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Skyrocketing prices for specialty drugs
Skyrocketing prices for specialty drugs are pitting insurers, doctors and hospitals against the pharmaceutical industry.

Price pressure

As the number of costly specialty drugs grows, insurers and providers push for more reasonable alternatives


By Melanie Evans
Posted: January 26, 2013 - 12:01 am ET
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Last year, the Utah-based SelectHealth insurance company paid $1 million to provide just five patients with the critical enzyme-replacement drug Cere-zyme, which when used over a lifetime prevents the enlarged organs, fragile bones and heightened cancer risk of a rare genetic disorder known as Gaucher disease.

Enter the competition. After getting approval from the Food and Drug Administration for an alternative called Elelyso, Pfizer priced its entry in the tiny market—only an estimated 5,000 patients worldwide suffer from the disease—at roughly $12,500 a month or $150,000 a year. SelectHealth, which has seen costs for such specialty drugs rapidly climb, will now start patients on the less expensive option.

But that's scant consolation to either insurers or the patients they cover, who increasingly must pay more of the bill as health plans shift a greater share of the costs onto households.

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Elelyso is among a growing number of costly entrants in the high-priced specialty drug market, where the drugs to treat life-threatening, chronic or rare diseases can run $300,000 to more than $400,000 a year. Annual price hikes for existing drugs for these small-population diseases and other specialty drugs are easily outpacing both inflation and the price increases in other segments of the retail drug market.

For the drug industry, price increases on specialty drugs have largely offset revenue losses from the growing use of generics. And industry analysts say the large number of specialty drugs in development will accelerate spending in the subsector in the years ahead.

Manufacturers defend the high prices in the niche—comprised of drugs for diseases with at most 200,000 patients or treatments for cancer or other complex diseases—by saying their development demands hefty investment and involves significant risk. Drugs are priced accordingly.

Yet the strategy has its limits. Specialty drugs' rapid price escalation is prompting pushback at some hospitals and physician offices, and has prompted debate over whether the manufacturers' price points are justified.

“They are coming out priced literally at what the market will bear,” said Anne Jacques, vice president of pharmacy markets for Highmark, a Pittsburgh-based insurer with 4.1 million enrollees.

Manufacturers see a lucrative opportunity in the specialty market, which lacks the price-lowering effect of competition. The companies appear to be testing “who can be more ridiculous with the price,” Jacques said.

Spending for specialty drugs will increase 20% annually between 2012 and 2014 with price increases driving two-thirds of the growth, the pharmacy benefit-management company Express Scripts estimates.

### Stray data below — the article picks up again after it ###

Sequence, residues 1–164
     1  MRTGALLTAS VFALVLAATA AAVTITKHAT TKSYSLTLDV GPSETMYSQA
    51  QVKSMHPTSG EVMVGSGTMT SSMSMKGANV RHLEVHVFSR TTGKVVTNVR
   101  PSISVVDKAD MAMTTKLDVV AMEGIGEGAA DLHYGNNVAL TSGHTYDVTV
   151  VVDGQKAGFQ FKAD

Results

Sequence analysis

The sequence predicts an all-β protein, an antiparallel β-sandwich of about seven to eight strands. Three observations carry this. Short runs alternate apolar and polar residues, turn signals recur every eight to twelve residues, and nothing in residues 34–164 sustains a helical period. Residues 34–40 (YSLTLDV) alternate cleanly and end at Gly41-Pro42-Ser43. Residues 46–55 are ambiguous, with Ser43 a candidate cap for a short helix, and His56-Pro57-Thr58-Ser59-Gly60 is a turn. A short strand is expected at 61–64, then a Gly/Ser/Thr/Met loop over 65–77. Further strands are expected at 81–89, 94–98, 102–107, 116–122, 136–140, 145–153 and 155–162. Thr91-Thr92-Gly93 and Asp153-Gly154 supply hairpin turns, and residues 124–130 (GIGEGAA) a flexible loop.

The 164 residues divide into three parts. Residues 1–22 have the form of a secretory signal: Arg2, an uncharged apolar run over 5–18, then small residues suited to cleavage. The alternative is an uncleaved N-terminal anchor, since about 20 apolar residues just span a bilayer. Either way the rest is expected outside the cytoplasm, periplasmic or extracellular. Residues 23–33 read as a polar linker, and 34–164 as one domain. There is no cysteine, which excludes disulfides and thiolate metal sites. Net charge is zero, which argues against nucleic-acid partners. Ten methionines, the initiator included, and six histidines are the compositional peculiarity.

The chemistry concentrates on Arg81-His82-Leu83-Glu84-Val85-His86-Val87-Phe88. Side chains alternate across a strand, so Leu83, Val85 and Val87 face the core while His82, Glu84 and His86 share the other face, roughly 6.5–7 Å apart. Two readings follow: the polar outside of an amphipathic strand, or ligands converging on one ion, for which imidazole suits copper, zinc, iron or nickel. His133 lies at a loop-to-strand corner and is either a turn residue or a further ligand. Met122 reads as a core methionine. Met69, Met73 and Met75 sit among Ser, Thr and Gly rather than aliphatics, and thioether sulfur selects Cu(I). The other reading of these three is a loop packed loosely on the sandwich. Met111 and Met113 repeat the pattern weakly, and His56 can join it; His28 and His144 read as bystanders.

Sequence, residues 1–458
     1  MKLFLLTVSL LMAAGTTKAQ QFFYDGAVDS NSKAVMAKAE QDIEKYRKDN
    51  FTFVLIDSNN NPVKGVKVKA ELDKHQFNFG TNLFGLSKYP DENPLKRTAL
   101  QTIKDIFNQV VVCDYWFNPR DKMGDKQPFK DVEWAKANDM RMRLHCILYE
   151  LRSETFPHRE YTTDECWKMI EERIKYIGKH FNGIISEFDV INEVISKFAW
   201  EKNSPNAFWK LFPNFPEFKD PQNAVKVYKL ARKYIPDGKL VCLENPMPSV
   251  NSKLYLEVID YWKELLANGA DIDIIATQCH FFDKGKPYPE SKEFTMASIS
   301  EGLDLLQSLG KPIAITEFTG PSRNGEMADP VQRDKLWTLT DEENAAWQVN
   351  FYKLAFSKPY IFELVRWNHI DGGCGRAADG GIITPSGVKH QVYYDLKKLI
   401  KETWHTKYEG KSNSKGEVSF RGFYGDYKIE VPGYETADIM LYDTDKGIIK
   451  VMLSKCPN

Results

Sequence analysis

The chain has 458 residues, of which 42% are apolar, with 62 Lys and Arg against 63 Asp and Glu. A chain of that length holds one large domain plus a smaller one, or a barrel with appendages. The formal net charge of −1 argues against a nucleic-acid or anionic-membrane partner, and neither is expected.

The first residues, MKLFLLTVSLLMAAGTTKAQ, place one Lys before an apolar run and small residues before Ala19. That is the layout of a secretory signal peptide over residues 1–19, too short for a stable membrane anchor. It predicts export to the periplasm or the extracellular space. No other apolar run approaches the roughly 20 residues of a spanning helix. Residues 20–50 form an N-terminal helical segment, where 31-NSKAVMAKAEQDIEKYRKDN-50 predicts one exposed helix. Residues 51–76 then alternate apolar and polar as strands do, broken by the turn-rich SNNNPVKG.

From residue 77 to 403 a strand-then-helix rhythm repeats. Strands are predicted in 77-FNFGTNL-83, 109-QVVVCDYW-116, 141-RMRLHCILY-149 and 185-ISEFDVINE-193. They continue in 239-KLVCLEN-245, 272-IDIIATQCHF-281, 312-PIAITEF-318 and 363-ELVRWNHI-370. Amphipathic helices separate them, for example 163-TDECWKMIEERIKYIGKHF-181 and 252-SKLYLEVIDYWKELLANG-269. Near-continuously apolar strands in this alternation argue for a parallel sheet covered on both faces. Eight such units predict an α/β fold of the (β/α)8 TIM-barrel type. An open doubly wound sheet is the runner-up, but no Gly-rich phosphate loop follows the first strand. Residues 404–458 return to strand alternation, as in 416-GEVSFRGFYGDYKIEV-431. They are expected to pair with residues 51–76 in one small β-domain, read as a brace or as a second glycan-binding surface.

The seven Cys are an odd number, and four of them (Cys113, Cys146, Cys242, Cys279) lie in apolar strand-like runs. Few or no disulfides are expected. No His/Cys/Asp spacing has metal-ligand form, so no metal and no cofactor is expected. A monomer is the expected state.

Drugmaker Sanofi, which recently purchased Genzyme, the maker of Cerezyme, told the New York Times in November it would discount its new colorectal cancer drug Zaltrap by half after doctors at Memorial Sloan-Kettering Cancer Center in New York denounced its $11,063 per month price tag on the newspaper's op-ed page. The oncologists, noting it provided scant improvement over existing therapies, said it was “no longer tenable” to overlook cost.

“Soaring spending has presented the medical community with a new obligation,” they wrote. “When choosing treatments for a patient, we have to consider the financial strains they may cause alongside the benefits they might deliver.”

Sloan-Kettering is not alone in rejecting drugs whose value doesn't justify their cost. In Arizona, Banner Health last year added an economic review to its clinical appraisal of formulary drugs. “As more and more expensive drugs come out, you have to look,” said Denise Erickson, clinical pharmacy program director for Banner, which owns and operates 22 hospitals across seven states.

Justifying the costs

The system's economic review uses drug industry and other models as well as internal data to project the economic benefit for a drug, which includes the price and other factors such as potential savings from a medication that prevents hospitalization. Banner recently agreed to include a $4,000-per-vial scorpion anti-venom on its formulary using the model, but rejected Ofirmev, an intravenous acetaminophen, for which the costs and clinical benefits did not justify its use.

Blue Shield of California, which spends roughly $200 million annually on specialty drugs, is expected to target specialty drug spending growth in pilot projects this year with the insurers' accountable care organizations, said spokesman Steve Shivinsky.

When specialty drugs do compete, insurers say they have increasingly adopted strategies that offer incentives to doctors and patients to choose the lower-priced alternative for comparable medications.